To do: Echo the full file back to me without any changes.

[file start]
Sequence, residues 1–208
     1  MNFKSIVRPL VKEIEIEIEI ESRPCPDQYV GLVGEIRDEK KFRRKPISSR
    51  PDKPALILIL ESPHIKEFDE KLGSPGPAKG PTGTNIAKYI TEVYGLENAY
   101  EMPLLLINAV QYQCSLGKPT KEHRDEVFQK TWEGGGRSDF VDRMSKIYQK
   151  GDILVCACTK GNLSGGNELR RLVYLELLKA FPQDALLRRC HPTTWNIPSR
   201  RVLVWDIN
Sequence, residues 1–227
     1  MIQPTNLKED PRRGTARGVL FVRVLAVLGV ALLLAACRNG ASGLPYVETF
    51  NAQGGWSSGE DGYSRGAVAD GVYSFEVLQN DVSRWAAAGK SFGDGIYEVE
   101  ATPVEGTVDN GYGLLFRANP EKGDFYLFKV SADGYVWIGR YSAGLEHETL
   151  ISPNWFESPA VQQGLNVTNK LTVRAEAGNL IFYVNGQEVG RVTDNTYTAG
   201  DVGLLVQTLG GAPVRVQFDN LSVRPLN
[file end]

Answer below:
Sequence, residues 1–208
     1  MNFKSIVRPL VKEIEIEIEI ESRPCPDQYV GLVGEIRDEK KFRRKPISSR
    51  PDKPALILIL ESPHIKEFDE KLGSPGPAKG PTGTNIAKYI TEVYGLENAY
   101  EMPLLLINAV QYQCSLGKPT KEHRDEVFQK TWEGGGRSDF VDRMSKIYQK
   151  GDILVCACTK GNLSGGNELR RLVYLELLKA FPQDALLRRC HPTTWNIPSR
   201  RVLVWDIN
Sequence, residues 1–227
     1  MIQPTNLKED PRRGTARGVL FVRVLAVLGV ALLLAACRNG ASGLPYVETF
    51  NAQGGWSSGE DGYSRGAVAD GVYSFEVLQN DVSRWAAAGK SFGDGIYEVE
   101  ATPVEGTVDN GYGLLFRANP EKGDFYLFKV SADGYVWIGR YSAGLEHETL
   151  ISPNWFESPA VQQGLNVTNK LTVRAEAGNL IFYVNGQEVG RVTDNTYTAG
   201  DVGLLVQTLG GAPVRVQFDN LSVRPLN